A lack of confidence doesn’t have to be a lifelong condition. Thankfully, there are ways to boost your self esteem and some great role models to follow on your journey. Una Rice has some practical advice and some great role model ideas.

We often think about giving the young people in our lives the keys to the car, but wouldn’t it be great if we could give them the keys to confidence just as easily?

For some, confidence seems to be that elusive thing. We can see confidence in other people, so we recognise it. But sometimes it’s just a bit more difficult to kickstart and bring it out in ourselves.

While it’s heartwarming as a parent to cheer on younger kids – to climb that tree, race after that ball or join in like a pro – at a certain age, all the cajoling and encouragement won’t work.

When there’s a young person suffering with lowered confidence, it can become difficult to try and convince them how brilliant and beautiful and able they are.

Mark Twain once said: “A man cannot be comfortable without his own approval. ”

And today that saying still holds true, for men, women and young people.

Seeking approval, from oneself first, is challenging these days as we live in a world where our senses are bombarded with ideas of success, brilliance and beauty.

It’s no wonder young people, who are the purveyors of social media, can suffer with crippling low confidence due to the subliminal messages about so called ‘perfection.’

In a world that’s very materialistic, seeking approval through having the latest, the most expensive or the best, can feel like a boost. It seems hollow, but these can be important to young people. It helps them feel validated. Low confidence issues manifest in all sorts of ways, from the young guy taking steroids to build up his frame, to a young girl opting out of joining a club because none of her peer group play anymore.

10 tips to kickstart confidence

  • Be aware of how you hold yourself. If shoulders are stooped, lift them up and back. Raise your chin.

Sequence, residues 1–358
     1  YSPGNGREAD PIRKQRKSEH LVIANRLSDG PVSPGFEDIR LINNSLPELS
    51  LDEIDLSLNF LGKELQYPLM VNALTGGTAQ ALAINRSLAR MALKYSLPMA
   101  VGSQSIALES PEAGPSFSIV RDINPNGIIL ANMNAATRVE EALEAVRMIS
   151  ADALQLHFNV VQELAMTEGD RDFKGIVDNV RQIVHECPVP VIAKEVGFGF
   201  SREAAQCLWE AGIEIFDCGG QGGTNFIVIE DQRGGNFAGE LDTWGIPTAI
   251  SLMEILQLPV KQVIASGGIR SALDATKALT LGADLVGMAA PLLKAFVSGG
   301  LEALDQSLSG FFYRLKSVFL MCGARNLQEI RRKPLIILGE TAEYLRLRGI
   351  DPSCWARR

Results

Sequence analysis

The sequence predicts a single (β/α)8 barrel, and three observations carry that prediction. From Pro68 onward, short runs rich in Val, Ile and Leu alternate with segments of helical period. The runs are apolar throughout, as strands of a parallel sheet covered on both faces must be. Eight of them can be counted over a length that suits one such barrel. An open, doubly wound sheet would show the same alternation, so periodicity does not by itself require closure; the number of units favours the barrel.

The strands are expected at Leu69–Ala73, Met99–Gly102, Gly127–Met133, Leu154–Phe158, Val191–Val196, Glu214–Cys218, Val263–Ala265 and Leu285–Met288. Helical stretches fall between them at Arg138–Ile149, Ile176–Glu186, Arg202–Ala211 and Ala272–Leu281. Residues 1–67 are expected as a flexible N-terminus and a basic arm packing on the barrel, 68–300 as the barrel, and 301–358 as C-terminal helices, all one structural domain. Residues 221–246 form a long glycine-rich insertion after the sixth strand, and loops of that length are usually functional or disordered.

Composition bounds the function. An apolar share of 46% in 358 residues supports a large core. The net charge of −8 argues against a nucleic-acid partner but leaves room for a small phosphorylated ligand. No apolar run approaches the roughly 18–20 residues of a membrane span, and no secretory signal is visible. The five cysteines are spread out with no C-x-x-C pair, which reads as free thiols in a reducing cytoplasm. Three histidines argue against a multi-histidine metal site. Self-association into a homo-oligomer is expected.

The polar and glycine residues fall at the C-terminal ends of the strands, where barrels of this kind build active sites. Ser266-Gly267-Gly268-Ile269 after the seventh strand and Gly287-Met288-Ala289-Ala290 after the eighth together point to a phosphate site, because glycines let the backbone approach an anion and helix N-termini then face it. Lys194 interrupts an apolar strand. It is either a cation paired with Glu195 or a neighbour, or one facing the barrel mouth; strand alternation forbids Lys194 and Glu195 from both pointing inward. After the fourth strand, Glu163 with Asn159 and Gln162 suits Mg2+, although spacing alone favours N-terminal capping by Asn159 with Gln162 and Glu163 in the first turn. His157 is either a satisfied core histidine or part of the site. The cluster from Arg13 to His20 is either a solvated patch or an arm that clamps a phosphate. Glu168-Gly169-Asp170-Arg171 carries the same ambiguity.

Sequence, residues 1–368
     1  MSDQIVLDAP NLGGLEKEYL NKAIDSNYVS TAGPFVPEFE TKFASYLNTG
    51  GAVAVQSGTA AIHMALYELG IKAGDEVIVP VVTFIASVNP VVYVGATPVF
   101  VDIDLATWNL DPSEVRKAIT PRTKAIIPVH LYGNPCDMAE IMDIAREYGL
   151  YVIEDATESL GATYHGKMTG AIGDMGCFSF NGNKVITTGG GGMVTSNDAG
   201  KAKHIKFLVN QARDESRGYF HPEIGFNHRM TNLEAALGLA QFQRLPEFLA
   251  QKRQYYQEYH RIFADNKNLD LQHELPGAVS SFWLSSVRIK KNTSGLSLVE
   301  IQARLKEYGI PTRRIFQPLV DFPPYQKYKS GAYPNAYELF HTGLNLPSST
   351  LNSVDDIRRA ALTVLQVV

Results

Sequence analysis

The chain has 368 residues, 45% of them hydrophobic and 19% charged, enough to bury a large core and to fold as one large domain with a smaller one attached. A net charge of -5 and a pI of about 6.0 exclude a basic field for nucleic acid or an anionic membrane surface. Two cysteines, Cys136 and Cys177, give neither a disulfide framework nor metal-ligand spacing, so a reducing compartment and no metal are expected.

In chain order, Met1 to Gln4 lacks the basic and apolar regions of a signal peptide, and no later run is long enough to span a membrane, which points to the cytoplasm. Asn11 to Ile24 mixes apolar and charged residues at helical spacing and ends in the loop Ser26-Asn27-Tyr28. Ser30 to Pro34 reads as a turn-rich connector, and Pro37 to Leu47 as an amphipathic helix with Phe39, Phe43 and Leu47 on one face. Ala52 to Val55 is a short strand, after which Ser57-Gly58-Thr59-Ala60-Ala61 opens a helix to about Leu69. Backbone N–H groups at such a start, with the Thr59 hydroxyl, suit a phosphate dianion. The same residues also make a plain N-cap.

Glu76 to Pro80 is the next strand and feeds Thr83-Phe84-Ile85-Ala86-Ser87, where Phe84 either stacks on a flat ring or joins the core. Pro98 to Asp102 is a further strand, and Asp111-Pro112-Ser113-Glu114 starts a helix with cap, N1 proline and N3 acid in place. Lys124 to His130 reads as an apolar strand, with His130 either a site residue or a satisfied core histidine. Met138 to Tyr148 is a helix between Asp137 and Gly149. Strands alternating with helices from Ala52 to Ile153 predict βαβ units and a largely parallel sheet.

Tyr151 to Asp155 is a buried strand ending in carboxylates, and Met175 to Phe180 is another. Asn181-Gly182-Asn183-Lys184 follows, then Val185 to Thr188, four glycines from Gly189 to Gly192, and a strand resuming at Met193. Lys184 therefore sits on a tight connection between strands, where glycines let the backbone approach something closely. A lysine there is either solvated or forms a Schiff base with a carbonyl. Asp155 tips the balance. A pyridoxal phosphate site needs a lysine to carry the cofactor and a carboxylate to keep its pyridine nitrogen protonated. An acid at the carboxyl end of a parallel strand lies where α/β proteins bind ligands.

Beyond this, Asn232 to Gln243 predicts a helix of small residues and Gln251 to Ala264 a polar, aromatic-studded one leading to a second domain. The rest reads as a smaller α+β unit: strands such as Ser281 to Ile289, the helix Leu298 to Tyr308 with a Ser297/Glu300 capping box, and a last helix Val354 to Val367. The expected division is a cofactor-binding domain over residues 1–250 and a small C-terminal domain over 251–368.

• Start saying ‘no’ when something displeases you, rather than going along with it.
  • Look in the mirror. Observe everything, including what you see as flawed or imperfect, breathe deeply and say, ‘I love you regardless’.Look in the mirror. Observe everything, including what you see as flawed or imperfect, breathe deeply and say, ‘I love you regardless’.
  • Sign up for at least a month’s trial of an activity you’ve shied away from; whether it’s swimming, football, or kick-boxing.
  • Volunteer where you need to talk to people. Try charity shop work where you have to engage with members of the public.
  • Do something useful within your community. Organize a tidy up or a free event for elderly residents.
  • Watch TED talks online and see how people come across when they talk to groups on various topics.
  • Now go a step further by joining a local group like Toastmasters to gain confidence talking with groups.
  • Do something that makes you squirm when you think about it – interrupt a group of people to ask for directions or go a week without make up.
  • Read confidence quotes every morning before you get out of bed. You are literally priming yourself for the day ahead.

In addition, studies have shown that girls in particular can be prone to a drop in confidence around the time of puberty, not to mention the monthly cycle of hormones that can literally create a rollercoaster in how they view themselves. That’s even before we consider sports, and how girls have been found to be more likely to drop away from sports than their male counterparts.



It’s a bit like ‘fake it until you make it’. When you’ve got a scary or intimidating situation, just think about the hero who does ‘messy hair/don’t care’ with ease, or who dances and performs with abandon.

Literally feel what the energy of that person is like and pay attention to how your body responds. How would that person move into a room, approach a group of people, or do something outside of their comfort zone?


If you’ve ever wondered how someone can speak their mind yet doesn’t take over, it’s because they are being authentic. An individual who is happy and able to include others and value everyone’s contributions is confident because they are authentic. They are literally tapping into something deep inside themselves that says: “The person who I am inside is good -like that person”.


While taking up a new sport, approaching a group of people, speaking in public can all feel terrifying, especially when they are new and not attempted before, these are the steps that push you out of your comfort zone and can kickstart confidence. The ‘before’ feeling and ‘after’ feeling are very different.


We’ve been conditioned to see failure as something that’s bad, but actually failure is good – it means you tried, and that means you grew.

It means you learned something. And how awful not to have at least tried.


Journalling can be a useful way to hold yourself to account when you’re working on your own confidence. You can privately set goals and then reflect on what worked and what didn’t. It really is your confidence buddy.